[sixties-l] Deloria says Indians, whites face same crises

From: radman (resist@best.com)
Date: Mon May 21 2001 - 16:59:56 EDT

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    Deloria says Indians, whites face same crises

    By Heidi Bell Gease,
    Journal Staff Writer


    RAPID CITY Those who expected Vine Deloria to talk about race
    relations at a Thursday Rapid City Area Chamber of Commerce luncheon
    heard a different message instead.

    The noted educator and author of books such as "Custer Died for Your
    Sins" and "God is Red" spoke mainly about population trends and
    cultural changes.

    "It's always going to be a whole bunch of nuts on either side in race
    relations," Deloria said after the program, lighting up a cigarette
    outside The Journey Museum. "The problem's not with each
    other. It's with what's happening with the world."

    In South Dakota, Deloria said, projections show that within 10 years,
    20 percent of the population will be over age 65.

    "I'd be all over (Sen. Tom) Daschle like fleas on a hound dog to
    protect Social Security," said Deloria, a longtime professor of history
    and religious studies at the University of Colorado-Boulder. "We're
    dependent on the federal government out here. ... What, are you
    going to sit there and watch your parents starve?"

    He disagrees with the state's heavy reliance on property taxes, which
    hits the elderly hard.

    "If you people really want a revision, you should go to sales and
    income tax," Deloria, a member of the Standing Rock Sioux Tribe,
    said. "It should be obvious to anybody that you've got a crisis staring
    you right in the face, whether you're white or Indian."

    Statistics also show the Great Plains losing population. Deloria sees
    a solution: Learn to live with and through the buffalo.

    With recent scares over mad-cow disease "which would be a very
    useful contagion inside the Beltway in Washington, D.C.," Deloria
    deadpanned South Dakotans would do well to put more emphasis
    on buffalo. Ranchers could learn from Indians how to treat the animals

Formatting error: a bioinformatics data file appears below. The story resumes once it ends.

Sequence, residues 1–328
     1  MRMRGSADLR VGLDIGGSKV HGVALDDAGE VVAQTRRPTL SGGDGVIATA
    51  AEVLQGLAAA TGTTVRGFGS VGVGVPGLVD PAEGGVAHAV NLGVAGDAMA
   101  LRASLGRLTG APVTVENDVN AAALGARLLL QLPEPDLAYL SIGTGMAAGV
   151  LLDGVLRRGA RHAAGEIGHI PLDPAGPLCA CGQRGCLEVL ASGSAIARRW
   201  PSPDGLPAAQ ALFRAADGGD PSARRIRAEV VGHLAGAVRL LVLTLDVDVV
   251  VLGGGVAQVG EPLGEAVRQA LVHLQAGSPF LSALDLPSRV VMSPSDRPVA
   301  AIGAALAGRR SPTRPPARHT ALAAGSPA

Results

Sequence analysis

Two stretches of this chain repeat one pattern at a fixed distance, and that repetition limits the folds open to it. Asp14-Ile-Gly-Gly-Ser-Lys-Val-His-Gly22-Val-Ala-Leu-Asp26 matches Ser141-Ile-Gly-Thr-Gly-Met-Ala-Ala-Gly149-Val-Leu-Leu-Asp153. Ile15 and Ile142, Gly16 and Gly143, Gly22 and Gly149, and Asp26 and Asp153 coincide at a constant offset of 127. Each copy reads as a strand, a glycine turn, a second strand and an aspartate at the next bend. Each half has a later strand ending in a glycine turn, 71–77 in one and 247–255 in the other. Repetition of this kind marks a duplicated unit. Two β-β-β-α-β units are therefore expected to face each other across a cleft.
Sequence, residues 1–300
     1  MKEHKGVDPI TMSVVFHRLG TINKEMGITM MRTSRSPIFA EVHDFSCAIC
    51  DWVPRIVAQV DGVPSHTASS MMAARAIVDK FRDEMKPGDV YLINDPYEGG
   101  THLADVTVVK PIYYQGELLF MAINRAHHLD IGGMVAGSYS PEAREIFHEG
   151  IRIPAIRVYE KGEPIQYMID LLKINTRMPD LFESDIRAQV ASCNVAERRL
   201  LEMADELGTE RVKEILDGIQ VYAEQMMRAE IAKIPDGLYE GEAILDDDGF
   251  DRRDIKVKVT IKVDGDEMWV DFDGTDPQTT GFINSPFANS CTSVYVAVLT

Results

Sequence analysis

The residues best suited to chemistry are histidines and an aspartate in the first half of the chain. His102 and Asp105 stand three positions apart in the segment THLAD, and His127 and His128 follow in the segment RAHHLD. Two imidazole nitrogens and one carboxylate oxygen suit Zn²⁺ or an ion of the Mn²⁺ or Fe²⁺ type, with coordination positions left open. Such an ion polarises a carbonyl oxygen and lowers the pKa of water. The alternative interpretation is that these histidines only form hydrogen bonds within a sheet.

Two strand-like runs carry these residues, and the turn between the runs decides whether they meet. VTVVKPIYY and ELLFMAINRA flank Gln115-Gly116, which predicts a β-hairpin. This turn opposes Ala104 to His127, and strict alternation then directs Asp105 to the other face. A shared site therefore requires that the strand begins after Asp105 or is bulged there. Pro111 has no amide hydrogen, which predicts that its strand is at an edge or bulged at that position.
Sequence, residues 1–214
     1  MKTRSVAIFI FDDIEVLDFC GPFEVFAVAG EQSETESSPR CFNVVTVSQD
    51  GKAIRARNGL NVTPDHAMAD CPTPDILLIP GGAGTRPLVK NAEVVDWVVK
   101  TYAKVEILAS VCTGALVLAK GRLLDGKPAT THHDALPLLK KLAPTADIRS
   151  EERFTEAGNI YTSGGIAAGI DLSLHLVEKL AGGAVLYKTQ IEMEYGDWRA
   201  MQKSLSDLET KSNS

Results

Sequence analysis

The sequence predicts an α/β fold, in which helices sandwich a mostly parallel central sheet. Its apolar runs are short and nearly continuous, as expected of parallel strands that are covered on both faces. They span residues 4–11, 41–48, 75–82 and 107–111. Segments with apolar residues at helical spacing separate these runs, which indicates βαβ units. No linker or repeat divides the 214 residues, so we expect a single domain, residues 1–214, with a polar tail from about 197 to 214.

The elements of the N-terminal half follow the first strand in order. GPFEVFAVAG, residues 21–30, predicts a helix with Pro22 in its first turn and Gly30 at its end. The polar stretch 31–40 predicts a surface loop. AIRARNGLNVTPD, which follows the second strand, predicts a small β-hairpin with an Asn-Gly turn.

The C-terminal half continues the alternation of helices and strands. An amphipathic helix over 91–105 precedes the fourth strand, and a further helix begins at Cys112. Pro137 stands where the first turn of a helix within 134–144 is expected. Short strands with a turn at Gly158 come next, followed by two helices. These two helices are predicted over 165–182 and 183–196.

with respect and develop the spiritual relationship between man and
    animal that doesn't exist in the cattle business.

    "You can't really admire a cow," Deloria said, "but you can admire a
    majestic buffalo."

    As for government, Deloria said no traditional Indian tribe ever
    governed 20,000 people. He advocates chartering lower-level entities,
    such as townships, to provide more responsive, grassroots leadership.

    No one likes government, he said. If he were a Martian studying South
    Dakota politics, he would conclude, "Indians tend to elect crooks.
    Non-Indians tend to elect morons."

    But he said most people don't know who is running things, "and the
    sad thing is, we really don't care." He said irresponsible citizens
    who don't demand accountability shouldn't criticize those who are

    Deloria also nailed American education, calling it "the biggest disaster
    anybody's ever seen."

    "Teaching was so painful a thing that I just decided to retire," he said,
    rather than accept a large salary to teach one class.

    In recent years, Deloria said he had students who knew nothing about
    American history or even about classic movies. He blames the
    educational system for not having teachers who know their subjects.

    Rather than make students attend classes, Deloria believes communities
    should decide what children need to know. When they know those
    things, they should move on to something else. "We're boring kids to
    death in schools," he said.

    Deloria's program, hosted by the chamber's Cultural Awareness
    Committee, was co-sponsored by Crazy Horse Memorial, state Rep. Mike
    Derby and Wells Fargo Bank.
    You may call reporter Heidi Bell Gease at 394-8419, or send e-mail to

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